Individual donors will be contacted in due course for their approval on the eventual use of these donated items.

Shelter

Tents were requested in the initial appeal and many were supplied through the logistics pipeline, in the expectation that large camps would have to be established. Although many were used by displaced families, with the changed circumstances, it became clear that this was not - in the longer term - the most appropriate or cost-effective input, but by the time this was realised the tents were already en route. Certainly many were used in the Mudende camp for sheltering of families, but they were not collected back on their departure.

Mudende itself, using the buildings of a former technical college, was adequate for the refugees and facilities were enhanced through the provision of better water and sanitation systems, plus electricity and improved security, and tents were used for additional accommodation as numbers increased.

On the Goma side, because of the political implications of being involved in site selection for resettlement areas, an issue generating much debate amongst the Goma authorities, the Federation and ICRC declined to become involved and did not provide shelter inputs to these areas.

Advocacy and protection

Certain PNS donors insisted that their donated goods be distributed even when the relief teams on the ground said these particular items were not required at that time. We feel the PNSs have a responsibility in these situations to explain the reality to their governments, and to insist on more flexibility due to changing circumstances.

The RRCS and Goma Branch assisted in the reunification of split families and the care of unaccompanied minors. Tracing activities were supported by the ICRC.

Red Cross and Red Crescent Movement -- Fundamental Principles and priorities w

Intense media reporting on the situation and images of other agencies "distributing" goods in bulk from the backs of trucks strengthened the resolve of the Red Cross to undertake their activities more professionally, following proper needs assessments and in direct relation to the real needs of individuals. This caused some criticism, but we feel was the right decision at the time.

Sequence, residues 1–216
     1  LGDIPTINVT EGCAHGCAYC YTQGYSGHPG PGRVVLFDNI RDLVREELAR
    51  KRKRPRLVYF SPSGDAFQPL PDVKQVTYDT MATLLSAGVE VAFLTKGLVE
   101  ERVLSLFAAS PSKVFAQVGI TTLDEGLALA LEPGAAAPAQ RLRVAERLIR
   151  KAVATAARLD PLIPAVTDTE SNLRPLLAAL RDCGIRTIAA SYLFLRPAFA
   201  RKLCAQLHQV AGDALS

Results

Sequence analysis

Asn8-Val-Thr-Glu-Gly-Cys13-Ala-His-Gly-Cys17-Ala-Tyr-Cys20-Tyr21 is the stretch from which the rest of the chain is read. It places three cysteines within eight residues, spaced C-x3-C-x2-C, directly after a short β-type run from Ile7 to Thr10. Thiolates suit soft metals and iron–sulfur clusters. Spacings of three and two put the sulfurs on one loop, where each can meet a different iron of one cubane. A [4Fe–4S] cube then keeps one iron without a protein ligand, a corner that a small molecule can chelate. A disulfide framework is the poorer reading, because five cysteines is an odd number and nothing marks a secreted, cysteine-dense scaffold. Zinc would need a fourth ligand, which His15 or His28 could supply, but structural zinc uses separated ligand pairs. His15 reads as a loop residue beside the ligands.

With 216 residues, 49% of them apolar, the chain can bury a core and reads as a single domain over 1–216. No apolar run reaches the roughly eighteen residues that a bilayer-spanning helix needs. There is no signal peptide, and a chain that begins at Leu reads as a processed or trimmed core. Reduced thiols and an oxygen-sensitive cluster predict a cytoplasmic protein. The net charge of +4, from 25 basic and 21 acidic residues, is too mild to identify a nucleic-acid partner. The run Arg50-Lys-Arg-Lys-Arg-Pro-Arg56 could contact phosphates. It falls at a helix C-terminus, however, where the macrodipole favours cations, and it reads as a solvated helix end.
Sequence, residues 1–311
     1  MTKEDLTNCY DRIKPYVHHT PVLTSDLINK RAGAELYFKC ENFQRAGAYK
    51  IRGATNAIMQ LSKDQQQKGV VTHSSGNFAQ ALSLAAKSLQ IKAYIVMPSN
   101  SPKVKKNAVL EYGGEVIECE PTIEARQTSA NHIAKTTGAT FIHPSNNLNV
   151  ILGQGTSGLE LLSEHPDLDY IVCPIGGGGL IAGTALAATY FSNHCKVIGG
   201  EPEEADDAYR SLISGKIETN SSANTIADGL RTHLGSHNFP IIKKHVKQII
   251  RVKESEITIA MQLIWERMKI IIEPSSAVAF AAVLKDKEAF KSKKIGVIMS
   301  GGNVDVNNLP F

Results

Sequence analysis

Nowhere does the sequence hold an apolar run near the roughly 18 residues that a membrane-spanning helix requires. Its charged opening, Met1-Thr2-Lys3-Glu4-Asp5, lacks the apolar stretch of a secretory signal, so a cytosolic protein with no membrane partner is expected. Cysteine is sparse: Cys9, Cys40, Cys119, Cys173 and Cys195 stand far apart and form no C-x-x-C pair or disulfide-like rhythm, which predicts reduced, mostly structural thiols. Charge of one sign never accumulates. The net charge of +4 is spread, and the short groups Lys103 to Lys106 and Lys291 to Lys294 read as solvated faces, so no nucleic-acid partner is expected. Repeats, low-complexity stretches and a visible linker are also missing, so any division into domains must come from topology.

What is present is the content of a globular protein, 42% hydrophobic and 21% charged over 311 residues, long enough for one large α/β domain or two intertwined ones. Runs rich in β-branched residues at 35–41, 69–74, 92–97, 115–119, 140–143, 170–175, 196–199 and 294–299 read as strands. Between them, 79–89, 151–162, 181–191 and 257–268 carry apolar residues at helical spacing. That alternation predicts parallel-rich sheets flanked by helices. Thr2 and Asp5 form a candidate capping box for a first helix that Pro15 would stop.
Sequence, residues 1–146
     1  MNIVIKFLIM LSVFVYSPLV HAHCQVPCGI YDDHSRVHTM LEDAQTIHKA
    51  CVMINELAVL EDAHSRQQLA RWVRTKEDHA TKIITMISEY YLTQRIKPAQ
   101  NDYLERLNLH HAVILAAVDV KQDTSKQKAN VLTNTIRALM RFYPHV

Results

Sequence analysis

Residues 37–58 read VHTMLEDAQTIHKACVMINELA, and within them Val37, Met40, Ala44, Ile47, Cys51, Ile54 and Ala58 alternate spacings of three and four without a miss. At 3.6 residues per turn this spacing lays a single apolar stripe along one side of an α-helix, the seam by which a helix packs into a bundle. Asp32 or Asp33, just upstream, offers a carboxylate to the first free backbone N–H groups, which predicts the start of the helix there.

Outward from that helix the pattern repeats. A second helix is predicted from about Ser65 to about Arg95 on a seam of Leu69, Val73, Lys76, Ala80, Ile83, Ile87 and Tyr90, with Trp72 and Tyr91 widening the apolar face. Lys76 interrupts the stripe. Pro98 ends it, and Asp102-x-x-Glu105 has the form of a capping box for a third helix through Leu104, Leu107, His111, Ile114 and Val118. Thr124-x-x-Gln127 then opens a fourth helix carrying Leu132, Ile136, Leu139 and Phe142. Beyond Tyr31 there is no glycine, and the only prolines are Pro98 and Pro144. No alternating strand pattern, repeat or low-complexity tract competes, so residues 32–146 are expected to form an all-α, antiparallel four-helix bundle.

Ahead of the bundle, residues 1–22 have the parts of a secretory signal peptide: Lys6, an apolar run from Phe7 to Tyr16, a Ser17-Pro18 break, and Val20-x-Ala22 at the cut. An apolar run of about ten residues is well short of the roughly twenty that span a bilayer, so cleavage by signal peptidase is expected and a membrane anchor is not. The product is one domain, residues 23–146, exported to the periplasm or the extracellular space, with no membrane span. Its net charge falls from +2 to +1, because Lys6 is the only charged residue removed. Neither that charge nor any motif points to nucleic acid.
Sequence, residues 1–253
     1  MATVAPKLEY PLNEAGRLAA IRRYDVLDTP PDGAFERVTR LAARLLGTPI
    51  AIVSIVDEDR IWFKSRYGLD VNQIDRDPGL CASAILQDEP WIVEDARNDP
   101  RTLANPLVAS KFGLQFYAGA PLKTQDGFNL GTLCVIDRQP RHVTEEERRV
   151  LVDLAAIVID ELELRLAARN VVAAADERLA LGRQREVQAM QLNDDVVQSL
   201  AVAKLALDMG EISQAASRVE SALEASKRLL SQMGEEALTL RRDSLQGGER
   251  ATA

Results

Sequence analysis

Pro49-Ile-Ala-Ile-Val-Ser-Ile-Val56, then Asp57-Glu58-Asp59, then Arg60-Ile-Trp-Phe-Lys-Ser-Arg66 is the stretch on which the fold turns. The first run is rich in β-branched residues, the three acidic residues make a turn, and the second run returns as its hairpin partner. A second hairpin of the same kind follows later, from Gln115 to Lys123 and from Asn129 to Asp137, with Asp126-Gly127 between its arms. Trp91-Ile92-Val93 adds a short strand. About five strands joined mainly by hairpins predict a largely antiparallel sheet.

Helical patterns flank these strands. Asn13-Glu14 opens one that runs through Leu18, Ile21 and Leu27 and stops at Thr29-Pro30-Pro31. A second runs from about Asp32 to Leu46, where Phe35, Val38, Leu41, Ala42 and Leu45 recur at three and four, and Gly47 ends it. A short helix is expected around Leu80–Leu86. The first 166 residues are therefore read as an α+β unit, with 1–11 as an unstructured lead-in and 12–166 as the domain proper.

National Society Capacity Building

The country delegation provided ongoing support to the Rwandan Red Cross on programme coordination, financial management and strategic planning during the relief operation. The team was reinforced by administration and reporting delegates from the Secretariat in Geneva, the RDN Nairobi and by FACT members. They trained RRCS local staff on the job in office management and operations coordination. The Federation Representative acted as the link between the components of the Red Cross movement and conducted action research on the progress and perception of the operation by different stakeholders involved. This data was subsequently used to contribute to the external evaluation, as well as knowledge sharing and leadership trainings at regional and international levels.

This operation has clearly demonstrated how difficult it is to link relief and capacity building in a customer friendly, sustainable and efficient way in complex emergencies. The Evaluation Report includes recommendations on how to prepare and involve relief delegates more systematically for capacity building during emergency operations.

The telecommunications system of RRCS was rehabilitated and Telecom sans Frontières/France, provided through cooperation with French Red Cross, including training to staff in Kigali and at branch level. As a follow-up to this, as part of the ongoing DP work, a telecommunications specialist from the Burundi Red Cross has recently been in Rwanda and Goma to install equipment, undertake a comprehensive inventory and to make recommendations for necessary future work to enhance and develop the radio networks.